Features — 20 July 2016 — by Adele Ramos
Forensic experts probe deadly shootings in conflicts over incursions

BELIZE CITY, Mon. July 18, 2016–Belize’s western border with Guatemala is known to be a very porous border through which Guatemalans habitually come to pillage the resources east of the Petén, and particularly in the area known as the Chiquibul. The Chiquibul is Belize’s most expansive protected land mass, divided into the Chiquibul National Park, the Chiquibul Forest Reserve and the Caracol Archaeological Reserve, where Special Constable Danny Conorquie was gunned down in 2014 while on duty, reportedly by Guatemalans who were irate over the confiscation of their horses, used to illegally extract logs from the area.

The Conorquie death was never subjected to a thorough forensic probe. However, it may now be included in a broader investigation triggered by the recent shooting death of a Guatemalan minor at Cebada, within the national park, and very near to the Belize-Guatemala border. Two experts are reportedly in-country to lead that investigation, commissioned by the Organization of American States (OAS), following separate requests from Belize and Guatemala.

According to an official release from the Embassy of Mexico in Belize, Mexican Federal Police (PF) agreed last month to make an expert available to the OAS, and on June 27, Mexico’s Department of International Affairs, Federal Police confirmed the appointment of head commissioner, Doctor Patricia Rosa Linda Trujillo Mariel, who leads the Scientific Division for the Coordination of Criminology.

“It is worth noting the high profile of the Mexican contribution, which reflects the commitment of our country to support the solution of the differendum and ensure the quality of the requested report,” the Embassy said.

A spokesperson from the Embassy of Mexico told Amandala that Doctor Trujillo arrived in Belize on Saturday, July 16, and she has been working since Sunday with parties from both sides of the border. This is the first time that Mexico is collaborating under the OAS process to conduct an investigation like this in Belize, the spokesperson added.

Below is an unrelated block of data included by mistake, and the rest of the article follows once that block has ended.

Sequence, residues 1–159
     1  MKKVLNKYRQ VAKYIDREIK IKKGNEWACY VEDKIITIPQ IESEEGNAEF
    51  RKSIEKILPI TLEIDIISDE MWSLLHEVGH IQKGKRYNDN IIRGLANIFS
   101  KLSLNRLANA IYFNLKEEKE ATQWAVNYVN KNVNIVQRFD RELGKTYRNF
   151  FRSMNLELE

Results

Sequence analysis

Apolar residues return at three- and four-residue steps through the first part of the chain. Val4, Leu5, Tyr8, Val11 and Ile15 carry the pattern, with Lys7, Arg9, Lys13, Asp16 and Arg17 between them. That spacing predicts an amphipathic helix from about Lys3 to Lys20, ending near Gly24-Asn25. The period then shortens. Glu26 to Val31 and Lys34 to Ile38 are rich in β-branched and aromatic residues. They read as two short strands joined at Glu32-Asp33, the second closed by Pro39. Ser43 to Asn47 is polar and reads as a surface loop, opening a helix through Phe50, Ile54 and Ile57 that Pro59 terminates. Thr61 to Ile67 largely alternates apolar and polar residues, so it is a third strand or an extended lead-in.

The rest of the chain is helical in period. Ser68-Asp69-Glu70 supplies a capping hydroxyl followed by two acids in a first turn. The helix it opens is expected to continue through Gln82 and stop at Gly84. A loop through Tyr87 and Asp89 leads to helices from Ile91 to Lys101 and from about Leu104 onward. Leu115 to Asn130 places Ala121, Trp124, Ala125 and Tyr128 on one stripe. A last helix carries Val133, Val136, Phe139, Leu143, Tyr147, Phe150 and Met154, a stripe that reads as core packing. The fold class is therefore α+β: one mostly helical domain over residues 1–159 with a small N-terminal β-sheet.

The official told us that Trujillo will also be assisting with Belize’s request for a broader investigation involving attacks on Belize security forces which have resulted in injury and/or death, and if necessary, she will extend her stay by another two weeks. The Government of Mexico is financing her mission to Belize, the official said.

The official Embassy release said that while in Belize, Trujillo will (1) carry out site visits, including the area where the April 2016 incident took place; (2) interview witnesses; (3) review the facts and relevant laws; (4) analyze reports pertinent to the investigation; and (5) probe further evidence, including expert and forensic reports.

Although the Government of Guatemala had called for an OAS investigation into the shooting death of Julio René Alvarado Ruano and the injury of his father and brother, the Government of Belize has also asked for an investigation to probe a series of armed attacks against Belize security forces.

Lawrence Sylvester, Chief Executive Officer in the Ministry of Foreign Affairs, told Amandala that, “The Government of Belize did request of the Secretary General of the Organization of American States [Luis Almagro] a formal and comprehensive inquiry into the incident which had transpired on the night of April 20th in which the Guatemalan minor lost his life in the exchange of gunfire involving Belize’s security services and unknown assailants.”

Sylvester added, “Further to that, we have asked the Secretary General to launch similar formal inquiries into the incident which happened around Holy Week in which[Belize Defence Force] Sergeant [Richard] Lambey was injured, and in addition an inquiry into the incident which took place in September 2014 in which the tourism police constable Danny Conorquie was killed.”

“The Guatemalan government via its Minister of Foreign Affairs is aware of the Government of Belize’s request,” Sylvester said.

Amandala was informed that an American expert who had assisted in a similar investigation a few years ago has been in-country over the past two weeks, working with Belize police and our forensic science services on the investigations surrounding the incident of April 20th.

Brazil was the third country that had confirmed its participation in the expert investigation, following a request from the OAS, but it later withdrew, the Mexican release said. “Therefore, the OAS Secretary General would seek the support of other State Members,” it added.

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